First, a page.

It’s the story of a young couple who move into an old orphanage with their adopted son, Simon. It’s the same orphanage the woman lived in as a child, the same orphanage she plans to reopen as a home for disabled kids. Early on, Simon makes friends with an imaginary boy named Tomas. During a party, Simon suddenly disappears and she actually sees Tomas with her own eyes, a chilling figure with a burlap sack mask.
As the months go by, convinced her son is still alive, she calls in mediums and paranormal investigators to find clues to her son’s disappearance. Little by little, she learns of the orphanage’s history and the truth about the boy Tomas.
This film is incredibly creepy and moves along at slow, steady pace. There are no axe murderers, no elaborate torture puzzles to solve. Just an intense buildup to an ending that’s not only frightening, but heart-wrenchingly sad. I won’t drop any spoilers here, but this definitely lives on my list of must-see ghost stories. Wanna know how scary it is? I watched this for the first time on a plane. Surrounded by people. In the middle of the day. And it still scared me.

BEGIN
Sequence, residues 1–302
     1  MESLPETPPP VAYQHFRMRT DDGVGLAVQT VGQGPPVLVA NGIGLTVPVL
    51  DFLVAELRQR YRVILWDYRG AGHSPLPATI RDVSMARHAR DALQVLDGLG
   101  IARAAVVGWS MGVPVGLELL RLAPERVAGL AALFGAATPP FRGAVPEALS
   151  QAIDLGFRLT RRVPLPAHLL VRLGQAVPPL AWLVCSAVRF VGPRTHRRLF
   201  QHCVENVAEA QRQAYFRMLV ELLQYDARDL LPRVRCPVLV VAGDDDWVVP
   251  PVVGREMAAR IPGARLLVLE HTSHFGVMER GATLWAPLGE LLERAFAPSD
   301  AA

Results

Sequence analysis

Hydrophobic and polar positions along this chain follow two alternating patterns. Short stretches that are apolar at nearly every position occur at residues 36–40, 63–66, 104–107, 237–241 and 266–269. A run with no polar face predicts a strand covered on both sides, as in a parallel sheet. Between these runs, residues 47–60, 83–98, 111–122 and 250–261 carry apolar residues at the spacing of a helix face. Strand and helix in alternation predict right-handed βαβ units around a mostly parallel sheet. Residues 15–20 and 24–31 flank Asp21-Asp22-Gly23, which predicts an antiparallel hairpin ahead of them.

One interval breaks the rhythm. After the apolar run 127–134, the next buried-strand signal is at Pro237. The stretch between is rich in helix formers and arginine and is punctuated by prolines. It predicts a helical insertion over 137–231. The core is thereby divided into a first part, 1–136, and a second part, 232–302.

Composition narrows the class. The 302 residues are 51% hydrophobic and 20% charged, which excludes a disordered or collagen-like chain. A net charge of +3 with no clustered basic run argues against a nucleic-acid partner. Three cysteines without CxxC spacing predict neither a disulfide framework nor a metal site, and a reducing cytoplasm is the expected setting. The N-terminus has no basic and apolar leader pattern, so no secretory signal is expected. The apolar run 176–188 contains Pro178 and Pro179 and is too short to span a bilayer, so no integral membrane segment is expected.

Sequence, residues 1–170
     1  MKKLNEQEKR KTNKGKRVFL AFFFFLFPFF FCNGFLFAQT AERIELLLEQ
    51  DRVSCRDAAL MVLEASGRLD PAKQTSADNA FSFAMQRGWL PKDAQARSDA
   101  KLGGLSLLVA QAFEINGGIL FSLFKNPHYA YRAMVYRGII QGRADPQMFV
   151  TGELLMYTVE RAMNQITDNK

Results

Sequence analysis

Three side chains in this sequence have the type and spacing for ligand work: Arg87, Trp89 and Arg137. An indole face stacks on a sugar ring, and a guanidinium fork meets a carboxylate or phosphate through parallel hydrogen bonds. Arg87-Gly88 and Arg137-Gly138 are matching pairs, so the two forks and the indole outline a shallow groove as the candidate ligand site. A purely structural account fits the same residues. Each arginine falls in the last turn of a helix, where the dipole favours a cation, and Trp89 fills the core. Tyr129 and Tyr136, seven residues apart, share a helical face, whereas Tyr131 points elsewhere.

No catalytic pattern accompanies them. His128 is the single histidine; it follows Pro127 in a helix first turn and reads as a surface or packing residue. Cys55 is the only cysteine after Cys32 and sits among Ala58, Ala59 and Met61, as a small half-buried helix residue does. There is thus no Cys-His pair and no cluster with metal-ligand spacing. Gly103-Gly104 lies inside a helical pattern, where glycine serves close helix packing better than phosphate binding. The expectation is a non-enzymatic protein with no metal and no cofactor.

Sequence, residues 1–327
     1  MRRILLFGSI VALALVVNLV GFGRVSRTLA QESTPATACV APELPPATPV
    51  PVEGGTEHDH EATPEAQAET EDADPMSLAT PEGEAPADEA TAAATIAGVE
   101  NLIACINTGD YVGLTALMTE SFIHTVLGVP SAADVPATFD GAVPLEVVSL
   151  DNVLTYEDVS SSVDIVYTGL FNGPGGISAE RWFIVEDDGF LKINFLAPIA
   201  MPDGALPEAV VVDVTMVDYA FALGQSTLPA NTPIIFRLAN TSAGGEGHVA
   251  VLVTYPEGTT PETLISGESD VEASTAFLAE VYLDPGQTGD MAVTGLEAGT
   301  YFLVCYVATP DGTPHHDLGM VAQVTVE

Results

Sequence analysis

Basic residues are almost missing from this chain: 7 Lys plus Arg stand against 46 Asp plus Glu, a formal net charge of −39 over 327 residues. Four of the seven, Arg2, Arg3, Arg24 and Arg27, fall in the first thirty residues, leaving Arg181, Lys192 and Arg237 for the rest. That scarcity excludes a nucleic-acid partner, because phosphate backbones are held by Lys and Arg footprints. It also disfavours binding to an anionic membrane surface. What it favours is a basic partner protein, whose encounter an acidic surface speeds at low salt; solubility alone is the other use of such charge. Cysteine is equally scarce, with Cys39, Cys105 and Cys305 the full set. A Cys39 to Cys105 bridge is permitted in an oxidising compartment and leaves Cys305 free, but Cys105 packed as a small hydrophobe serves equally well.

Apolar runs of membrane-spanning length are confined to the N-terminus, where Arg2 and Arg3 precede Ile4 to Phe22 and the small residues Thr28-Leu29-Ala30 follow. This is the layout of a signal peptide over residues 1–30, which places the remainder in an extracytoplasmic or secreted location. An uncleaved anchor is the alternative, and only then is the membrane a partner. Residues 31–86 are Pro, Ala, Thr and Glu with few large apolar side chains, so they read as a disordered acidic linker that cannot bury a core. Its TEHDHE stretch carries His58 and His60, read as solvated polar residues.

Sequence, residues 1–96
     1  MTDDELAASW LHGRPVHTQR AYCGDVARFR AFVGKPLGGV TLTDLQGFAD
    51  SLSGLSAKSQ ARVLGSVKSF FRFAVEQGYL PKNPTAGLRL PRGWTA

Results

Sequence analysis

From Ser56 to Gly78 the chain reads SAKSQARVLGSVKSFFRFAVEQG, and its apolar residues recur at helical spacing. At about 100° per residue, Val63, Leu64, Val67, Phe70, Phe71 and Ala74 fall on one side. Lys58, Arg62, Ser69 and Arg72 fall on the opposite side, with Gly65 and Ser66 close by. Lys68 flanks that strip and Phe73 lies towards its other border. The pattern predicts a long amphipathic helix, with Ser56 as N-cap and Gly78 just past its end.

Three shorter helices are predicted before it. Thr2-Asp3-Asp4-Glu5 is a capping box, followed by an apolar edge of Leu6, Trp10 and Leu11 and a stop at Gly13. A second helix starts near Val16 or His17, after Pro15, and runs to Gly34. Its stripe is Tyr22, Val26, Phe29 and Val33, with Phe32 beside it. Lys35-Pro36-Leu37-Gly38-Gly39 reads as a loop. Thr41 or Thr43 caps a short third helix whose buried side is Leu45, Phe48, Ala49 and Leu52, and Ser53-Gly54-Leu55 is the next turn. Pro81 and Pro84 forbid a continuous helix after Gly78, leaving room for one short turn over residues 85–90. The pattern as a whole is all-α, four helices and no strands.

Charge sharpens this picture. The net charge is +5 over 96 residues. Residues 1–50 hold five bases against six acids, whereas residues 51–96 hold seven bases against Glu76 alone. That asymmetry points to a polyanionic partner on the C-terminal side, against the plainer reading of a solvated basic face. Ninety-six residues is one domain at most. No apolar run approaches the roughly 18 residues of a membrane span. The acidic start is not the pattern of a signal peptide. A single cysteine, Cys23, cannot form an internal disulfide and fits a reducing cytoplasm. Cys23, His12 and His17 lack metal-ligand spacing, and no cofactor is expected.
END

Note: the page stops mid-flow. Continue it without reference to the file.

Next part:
Oh and did I mention it’s a Spanish production, with English subtitles? I know a lot of people are immediately put off by that, but honestly after a while you really don’t seem to notice. And while the dialogue is well-written, it’s not a particularly verbose film. It was produced by Guillermo del Toro, whose attachment helped secure a larger budget.
Unfortunately, New Line Cinema has secured the rights to make an American version. Seems studios still believe that U.S. audiences are too stupid or impatient to watch foreign films. I just hope The Orphanage doesn’t go the way of The Grudge or The Ring.